have divided this assignment into three ‘projects’ each of which requires a different subset of the skills necessary to complete this assignment.
To begin with, I photographed the coin using elite chrome 100 slide film. I used a Nikon LS–1000 35mm film scanner to scan the image at 500% and 300 dpi (a size I find convenient to work with as a master for most coins)—yielding a 4.5 mb file which was saved as a psd image with rgb color mapping. I then proceeded to work on the image using photoshop 7.
I began by balancing the image with levels, followed by selecting out the ‘hotspots’ (ie., highlights that had no tonal information at all) into a curves layer and adding some yellow tone to them. Next, I worked on the shadowed area above the head and crown to remove the blemishes and give a more even tone. This was accomplished using a curves layer for the shadowed area—first lightening the area slightly and then, using the healing tool and the clone stamp, removing the blemishes. The final step was to re-size the image, use the unsharp mask and then save it for the web.
These images are from a commercially scanned photo cd—unfortunately, it is badly–scanned, a common problem in my experience. The first step in preparing the image was to use levels to balance the image, followed by a quick conversion to CMYK in order to increase the contrast of the black channel with the following results—front/back. The images are greatly improved, but there are still a few remaining problems, which are mainly the result of age and wear. The final results are as follows; front/back after working in the RGB channels and selecting the areas of wear and using curves on them, followed by the use of the clone stamp and the healing brush. I am not entirely happy with this method, as you have to be very careful not to totally destroy the color values inherent in the original image, plus you need to make sure that the areas retouched are done through all three channels—otherwise they will pick up a new color–cast all their own.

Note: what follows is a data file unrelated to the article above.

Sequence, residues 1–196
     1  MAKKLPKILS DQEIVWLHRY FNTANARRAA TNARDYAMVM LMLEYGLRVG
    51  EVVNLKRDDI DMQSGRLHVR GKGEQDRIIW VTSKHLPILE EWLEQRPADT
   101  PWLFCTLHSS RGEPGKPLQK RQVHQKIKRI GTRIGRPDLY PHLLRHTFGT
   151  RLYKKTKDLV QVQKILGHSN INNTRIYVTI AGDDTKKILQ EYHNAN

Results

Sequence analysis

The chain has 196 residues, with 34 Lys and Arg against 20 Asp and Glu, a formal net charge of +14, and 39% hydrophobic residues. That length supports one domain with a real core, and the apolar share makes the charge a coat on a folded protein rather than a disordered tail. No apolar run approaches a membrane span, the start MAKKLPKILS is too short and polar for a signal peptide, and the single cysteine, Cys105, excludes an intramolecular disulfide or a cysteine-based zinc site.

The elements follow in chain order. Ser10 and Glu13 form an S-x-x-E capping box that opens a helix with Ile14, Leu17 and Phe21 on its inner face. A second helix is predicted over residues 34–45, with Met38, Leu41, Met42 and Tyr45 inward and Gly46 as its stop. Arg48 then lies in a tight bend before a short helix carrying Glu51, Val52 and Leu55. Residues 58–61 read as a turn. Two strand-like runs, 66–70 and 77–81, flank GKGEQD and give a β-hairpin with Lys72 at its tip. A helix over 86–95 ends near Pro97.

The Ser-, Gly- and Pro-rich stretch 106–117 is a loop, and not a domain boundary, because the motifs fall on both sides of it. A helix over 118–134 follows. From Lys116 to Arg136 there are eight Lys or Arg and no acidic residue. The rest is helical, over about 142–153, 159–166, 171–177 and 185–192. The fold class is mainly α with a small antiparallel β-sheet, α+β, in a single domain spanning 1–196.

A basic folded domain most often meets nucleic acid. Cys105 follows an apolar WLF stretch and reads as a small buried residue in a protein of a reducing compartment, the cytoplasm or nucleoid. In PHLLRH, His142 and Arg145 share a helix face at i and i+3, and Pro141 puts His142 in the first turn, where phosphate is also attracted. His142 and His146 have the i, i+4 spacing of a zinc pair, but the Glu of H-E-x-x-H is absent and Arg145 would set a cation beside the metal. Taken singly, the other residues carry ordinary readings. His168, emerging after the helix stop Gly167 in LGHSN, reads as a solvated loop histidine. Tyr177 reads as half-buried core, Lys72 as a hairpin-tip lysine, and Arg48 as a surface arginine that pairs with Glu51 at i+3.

This is one of the earliest images I have of my father, grandfather, and aunt. Unfortunately, the image has suffered over the years—it is now badly faded, has a large number of small cracks, and shows some signs of mold damage. The project was quite challenging, especially because the original image was fairly small (4.5" x 2.75"). I scanned the image as a b&w photo with thousands of shades of gray at 200%. This yielded a 7.42 mb tiff image, plenty big to work with and see any problems in detail.
This is my final version of this image—I have colorized it and removed the distracting branches that were in the front of the figures. I left the background in grayscale in order to emphasize the figures.